Growth and Prosperity by Friendship

Noa Lewis

February 16, 2018

Response Paper #1

Why do we Need Academic Studies of Friendship in Post-Modernity and how Revisiting Ancient Philosophers on Friendship Can Help these Studies?

The Epic of Gilgamesh (ca 2800 BCE) is a story about immortality, conquest, the Babylonian King Gilgamesh, and his best friend Enkidu. The story begins with the introduction of Gilgamesh, an unjust king who is ⅔ divine. Gilgamesh beats up his own subjects and rapes and terrorizes women. The Gods decide that the solution to Gilgamesh’s terror will be introducing a friend for Gilgamesh named Enkidu, a man equal to Gilgamesh in strength, and complimentary to his being. As Gilgamesh represents civilization and modernity (he is the King of an industrial city with tall walls and infrastructure), Enkidu represents nature. Enkidu lives in the forest and grazes with the animals, he is covered in hair and only gains reason, language and an understanding of the world around him once he sleeps with a woman (Shamhat). Once he sleeps with Shamhat Enkidu is rejected by his herd but only becomes dressed, fed and inducted into civilization when he then meets Gilgamesh. The two men brawl when Enkidu attempts to stop Gilgamesh from raping a newly wed bride, and from then until Enkidu’s death, the two men remain inseparable best friends. The two go on perilous adventures together, slaying Gods and embarking on a variety of heroic adventures. For the time being, Gilgamesh is distracted by his newfound friend and the Gods plans of keeping the townspeople safe from Gilgamesh’s terror proves successful. Enkidu does indeed die, and Gilgamesh is left heartbroken and with a sense of his own imminent mortality. After Enkidu dies, Gilgamesh “did weep bitterly as he wandered the wild,” exclaiming, “…sorrow has entered my heart!” (70). Gilgamesh actions and words speak to his relation with Enkidu and show how he’s grown and how his life is forever shaped by Enkidu.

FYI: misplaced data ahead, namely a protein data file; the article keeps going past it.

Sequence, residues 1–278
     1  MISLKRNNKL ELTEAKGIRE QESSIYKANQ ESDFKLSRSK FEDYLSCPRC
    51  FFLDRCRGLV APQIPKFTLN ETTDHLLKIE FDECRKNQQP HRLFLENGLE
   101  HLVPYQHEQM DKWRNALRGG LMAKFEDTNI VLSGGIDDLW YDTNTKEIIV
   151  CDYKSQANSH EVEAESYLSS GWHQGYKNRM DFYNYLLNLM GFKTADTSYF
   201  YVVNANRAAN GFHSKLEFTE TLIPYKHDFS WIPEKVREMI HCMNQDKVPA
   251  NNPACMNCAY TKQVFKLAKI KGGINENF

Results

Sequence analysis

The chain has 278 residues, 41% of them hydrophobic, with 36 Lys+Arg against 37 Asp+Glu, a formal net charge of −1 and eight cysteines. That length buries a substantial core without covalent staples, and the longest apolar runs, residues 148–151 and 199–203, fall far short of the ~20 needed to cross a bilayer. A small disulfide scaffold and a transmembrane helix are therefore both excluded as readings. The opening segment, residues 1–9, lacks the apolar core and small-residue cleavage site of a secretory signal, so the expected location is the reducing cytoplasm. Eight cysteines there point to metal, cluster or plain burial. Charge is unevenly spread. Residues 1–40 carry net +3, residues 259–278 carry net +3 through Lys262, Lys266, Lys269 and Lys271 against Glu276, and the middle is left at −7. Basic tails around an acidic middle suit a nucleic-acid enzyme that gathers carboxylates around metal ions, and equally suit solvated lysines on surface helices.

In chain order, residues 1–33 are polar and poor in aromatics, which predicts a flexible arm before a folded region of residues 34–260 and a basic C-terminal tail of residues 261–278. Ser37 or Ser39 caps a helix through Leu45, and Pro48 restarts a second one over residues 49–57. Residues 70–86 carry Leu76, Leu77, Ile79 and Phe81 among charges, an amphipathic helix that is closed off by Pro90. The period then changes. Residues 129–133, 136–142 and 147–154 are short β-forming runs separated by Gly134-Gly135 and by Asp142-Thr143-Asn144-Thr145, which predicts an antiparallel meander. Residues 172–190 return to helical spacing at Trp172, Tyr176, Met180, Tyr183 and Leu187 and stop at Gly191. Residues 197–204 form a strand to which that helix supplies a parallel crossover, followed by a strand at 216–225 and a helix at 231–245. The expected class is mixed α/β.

I find it incredibly interesting that out of everything the Gods could have done to keep Gilgamesh from further tormenting his subjects, they went with the idea of initiating a friendship. In this way, the Gods seem to have taken a generally Aristotelian understanding of friendship; Gilgamesh undergoes a lifestyle change upon becoming friends with Enkidu and his sense of morality and personhood is completely restored by Enkidu. Indeed, when Enkidu dies Gilgamesh is left feeling completely lost, as a life without his best friend seems purposeless. The companionship and mutual trust between Gilgamesh and Enkidu seem to be a perfect example of the type of friendship Aristotle would have condoned. Both men care deeply for each other, which is clearly seen in the actions throughout the story (for example, there is a scene in which Enkidu pins down a powerful God for Gilgamesh to slay, so that Gilgamesh may receive the glory of killing such a dangerous beast). Furthermore, it seems as though Enkidu and Gilgamesh both benefit from a sense of reciprocity in their relationship. Enkidu gains the wisdom and the tools to become assimilated into humanity, while Gilgamesh gains a friend who challenges and encourages him to become a better and more just person. Not to mention, Enkidu benefits from Gilgamesh’s kingly status.